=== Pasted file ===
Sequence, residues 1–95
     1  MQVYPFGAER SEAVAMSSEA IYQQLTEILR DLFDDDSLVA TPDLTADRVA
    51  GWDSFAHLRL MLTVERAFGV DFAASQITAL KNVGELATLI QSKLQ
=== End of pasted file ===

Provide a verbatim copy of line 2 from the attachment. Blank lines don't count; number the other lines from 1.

     1  MQVYPFGAER SEAVAMSSEA IYQQLTEILR DLFDDDSLVA TPDLTADRVA